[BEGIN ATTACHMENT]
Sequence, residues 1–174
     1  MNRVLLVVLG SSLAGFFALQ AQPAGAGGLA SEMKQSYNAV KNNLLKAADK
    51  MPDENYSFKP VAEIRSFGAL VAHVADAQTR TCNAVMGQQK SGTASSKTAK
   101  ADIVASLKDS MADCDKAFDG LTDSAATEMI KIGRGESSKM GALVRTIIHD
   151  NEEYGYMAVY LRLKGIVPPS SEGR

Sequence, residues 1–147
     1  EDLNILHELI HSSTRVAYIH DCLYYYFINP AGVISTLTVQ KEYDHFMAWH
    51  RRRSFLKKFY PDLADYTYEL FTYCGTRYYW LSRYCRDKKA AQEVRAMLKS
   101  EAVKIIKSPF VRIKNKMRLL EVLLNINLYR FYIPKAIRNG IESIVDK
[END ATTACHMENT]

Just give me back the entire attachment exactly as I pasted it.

Sequence, residues 1–174
     1  MNRVLLVVLG SSLAGFFALQ AQPAGAGGLA SEMKQSYNAV KNNLLKAADK
    51  MPDENYSFKP VAEIRSFGAL VAHVADAQTR TCNAVMGQQK SGTASSKTAK
   101  ADIVASLKDS MADCDKAFDG LTDSAATEMI KIGRGESSKM GALVRTIIHD
   151  NEEYGYMAVY LRLKGIVPPS SEGR

Sequence, residues 1–147
     1  EDLNILHELI HSSTRVAYIH DCLYYYFINP AGVISTLTVQ KEYDHFMAWH
    51  RRRSFLKKFY PDLADYTYEL FTYCGTRYYW LSRYCRDKKA AQEVRAMLKS
   101  EAVKIIKSPF VRIKNKMRLL EVLLNINLYR FYIPKAIRNG IESIVDK